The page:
Film students and scholars will recognize the myriad of asynchronous theoretical language as it pivots from page to page — the film critic’s paint on canvas or light-image on celluloid strip. Michelson marches in the who’s who of names tethered to experimental film (and film criticism) history: Sergei Eisenstein, Dziga Vertov, André Bazin, Maya Deren, and so many become interwoven in conversation with one another, sometimes as it were in life.
Michelson employs the page as canvas to wrestle with profound theorizations concerning film’s artistic virtue, and she takes on an avant-garde medium long before synergistic franchises now dominate studio profit margins for industry financiers and global stakeholders. As hybrid art critic-scholar, she writes with a complex beauty that toggles between mechanical and poetic. Contemporary editors would frown upon this type of writing style, but there’s much to cherish in Michelson’s bygone voice. Yet this distance may generate a language barrier of sorts for potential readers. Her essays suggest a time capsule of introspection more foreign to contemporary ears and eyes and prosumer audiences.
If the text sounds impenetrable, then this description is doing Michelson’s work justice. This is not a bad thing at all, per se, but the masses (and publisher) might increase its vantage point through expanding an editorial voice. This type of collection would benefit greatly from translation in the form of running commentaries between units, something akin to Nicholas Mirzoeff’s “keyword” ruminations between chapters in his more readerly Introduction to Visual Culture (2009, New York: Routledge) or perhaps the guest commentaries that bookend each chapter of Kathleen Glenister Roberts’ teacherly edited anthology Communication Theory and Millennial Popular Culture: Essays and Applications (2016, New York: Peter Lang).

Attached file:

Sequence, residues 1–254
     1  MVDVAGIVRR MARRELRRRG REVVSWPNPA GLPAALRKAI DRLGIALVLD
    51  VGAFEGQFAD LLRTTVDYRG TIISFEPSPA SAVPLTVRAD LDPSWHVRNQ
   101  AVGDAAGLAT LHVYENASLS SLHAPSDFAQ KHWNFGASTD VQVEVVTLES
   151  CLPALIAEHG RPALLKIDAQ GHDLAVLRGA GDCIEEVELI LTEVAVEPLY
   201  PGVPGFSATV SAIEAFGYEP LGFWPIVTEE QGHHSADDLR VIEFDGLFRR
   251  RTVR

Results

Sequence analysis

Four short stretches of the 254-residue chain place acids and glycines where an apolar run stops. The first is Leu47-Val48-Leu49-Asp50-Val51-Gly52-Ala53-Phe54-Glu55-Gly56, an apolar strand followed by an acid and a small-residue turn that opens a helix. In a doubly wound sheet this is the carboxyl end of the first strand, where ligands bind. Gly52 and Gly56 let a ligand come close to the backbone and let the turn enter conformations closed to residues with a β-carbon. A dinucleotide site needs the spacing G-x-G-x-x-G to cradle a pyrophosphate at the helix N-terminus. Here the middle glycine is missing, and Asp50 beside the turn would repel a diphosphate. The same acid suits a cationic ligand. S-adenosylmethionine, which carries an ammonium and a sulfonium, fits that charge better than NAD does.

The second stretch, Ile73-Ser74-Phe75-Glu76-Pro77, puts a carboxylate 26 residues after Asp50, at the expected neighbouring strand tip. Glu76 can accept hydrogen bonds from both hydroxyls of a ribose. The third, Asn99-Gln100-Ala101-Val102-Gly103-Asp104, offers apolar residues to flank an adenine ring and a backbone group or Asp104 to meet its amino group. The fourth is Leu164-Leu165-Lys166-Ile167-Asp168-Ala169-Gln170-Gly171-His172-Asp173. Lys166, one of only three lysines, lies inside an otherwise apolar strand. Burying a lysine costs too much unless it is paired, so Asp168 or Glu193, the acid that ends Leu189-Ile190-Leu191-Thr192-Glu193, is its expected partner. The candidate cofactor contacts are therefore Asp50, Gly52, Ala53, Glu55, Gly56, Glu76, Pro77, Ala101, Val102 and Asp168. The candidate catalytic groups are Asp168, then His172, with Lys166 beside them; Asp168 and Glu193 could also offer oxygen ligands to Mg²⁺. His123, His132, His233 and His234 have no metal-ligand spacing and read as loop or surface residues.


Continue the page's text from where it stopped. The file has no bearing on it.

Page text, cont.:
Ultimately, On the Eve of the Future is an ironic title for a medium (e.g., film) in artistic decline. The effort is there but mass translation is not on the menu. Michelson’s manuscripts speak to inner circles and insular conversations. The evidence is breathtaking, but only to the initiated. Outside of film studies departments, where these vintage ruminations provide a criterion edition of archival insights, this read will likely provoke a “glance” at best upon the casual sitting room table. I’m reminded of other circulated texts in grad school programs and nonconformist clubs, works like French philosophy and Marxist theory and many other “dirty words” begrudged by mainstream publics. I love it, in theory. But sometimes, in theory, that’s the way we prefer art and art criticism; discrete and in small doses, in the secret company of a select few.
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See also Annette Michelson on Sergei Eisenstein.